Arthritis means inflammation of the joints. Most people consider arthritis a natural part of aging, however, not all older individuals develop arthritis.
There are two distinct types of arthritis: Osteoarthritis and Rheumatoid Arthritis.
OA is degenerative or “wear and tear” arthritis. It is a chronic disorder of the cartilage or connective tissue that cushions and protects the surface of bone where they meet to form joints. Symptoms increase with advancing age, repetitive join use, trauma, family history and obesity. Symptoms include: pain and stiffness in the joint, bony enlargement of the joint, decreased range of motion, soft tissue swelling and occasional accumulation of fluid in the joint. There are non-drug treatments or therapy, such as physical activity, physical therapy, occupational therapy, or using heat or cold on the affected joints. Drug therapy is also available.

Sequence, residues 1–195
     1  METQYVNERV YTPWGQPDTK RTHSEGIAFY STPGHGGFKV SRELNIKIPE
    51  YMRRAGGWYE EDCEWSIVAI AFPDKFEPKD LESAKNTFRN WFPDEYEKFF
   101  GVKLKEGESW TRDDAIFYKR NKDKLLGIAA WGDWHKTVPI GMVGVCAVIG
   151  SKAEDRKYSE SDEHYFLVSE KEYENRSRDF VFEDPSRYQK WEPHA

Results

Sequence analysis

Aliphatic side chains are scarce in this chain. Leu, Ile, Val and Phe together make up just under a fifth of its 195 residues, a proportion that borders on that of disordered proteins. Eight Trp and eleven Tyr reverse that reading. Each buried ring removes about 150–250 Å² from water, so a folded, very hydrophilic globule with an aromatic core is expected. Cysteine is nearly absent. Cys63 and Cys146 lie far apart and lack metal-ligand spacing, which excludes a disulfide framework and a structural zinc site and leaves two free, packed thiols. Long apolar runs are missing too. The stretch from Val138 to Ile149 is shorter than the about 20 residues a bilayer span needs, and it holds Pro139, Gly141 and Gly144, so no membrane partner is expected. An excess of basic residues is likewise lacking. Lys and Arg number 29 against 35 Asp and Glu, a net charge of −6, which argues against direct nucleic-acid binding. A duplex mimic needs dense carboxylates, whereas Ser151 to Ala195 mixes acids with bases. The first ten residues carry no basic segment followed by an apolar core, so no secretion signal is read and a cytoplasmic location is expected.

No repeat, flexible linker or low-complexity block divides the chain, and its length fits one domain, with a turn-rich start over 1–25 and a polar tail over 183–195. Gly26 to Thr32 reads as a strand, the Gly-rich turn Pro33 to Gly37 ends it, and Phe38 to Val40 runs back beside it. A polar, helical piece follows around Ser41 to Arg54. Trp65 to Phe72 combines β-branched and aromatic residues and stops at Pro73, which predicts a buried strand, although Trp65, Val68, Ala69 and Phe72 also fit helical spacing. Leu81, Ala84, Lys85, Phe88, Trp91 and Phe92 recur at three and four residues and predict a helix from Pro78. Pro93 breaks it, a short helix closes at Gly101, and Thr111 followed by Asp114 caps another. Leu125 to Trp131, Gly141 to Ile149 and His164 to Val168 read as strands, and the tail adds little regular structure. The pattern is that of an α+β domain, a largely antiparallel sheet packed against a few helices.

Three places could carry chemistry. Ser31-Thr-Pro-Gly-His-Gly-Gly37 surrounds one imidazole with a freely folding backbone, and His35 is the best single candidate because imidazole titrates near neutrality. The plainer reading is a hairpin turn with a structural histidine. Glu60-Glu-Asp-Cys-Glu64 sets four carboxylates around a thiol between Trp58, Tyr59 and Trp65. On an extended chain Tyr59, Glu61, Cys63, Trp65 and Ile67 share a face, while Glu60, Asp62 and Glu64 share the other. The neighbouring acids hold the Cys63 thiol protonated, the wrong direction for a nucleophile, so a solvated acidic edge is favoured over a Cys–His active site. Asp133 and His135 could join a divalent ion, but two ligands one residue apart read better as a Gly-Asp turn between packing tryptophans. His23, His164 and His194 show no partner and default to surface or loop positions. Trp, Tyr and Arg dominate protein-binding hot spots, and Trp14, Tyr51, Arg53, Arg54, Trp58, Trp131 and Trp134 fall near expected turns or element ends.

Rheumatoid Arthritis (RA)
RA is a chornic inflammatory systemic disease that is characterized by symmetric bone erosion, small joint destruction of hands and feet, and progressive limitation of function. It is more prevalent in women than in men. Symptoms include: stiffness and pain in small joints of the hands and feet, ankles and elbows, morning stiffness that last longer than an hour, joint deformities such as swan neck deformity as the disease progresses. Redness, heat swelling, and tenderness to the joint may also be present. Goals for treatment are to prevent and limit irreversible joint damage, maximize mobility, and limit pain and depression. Consult your physician for more information.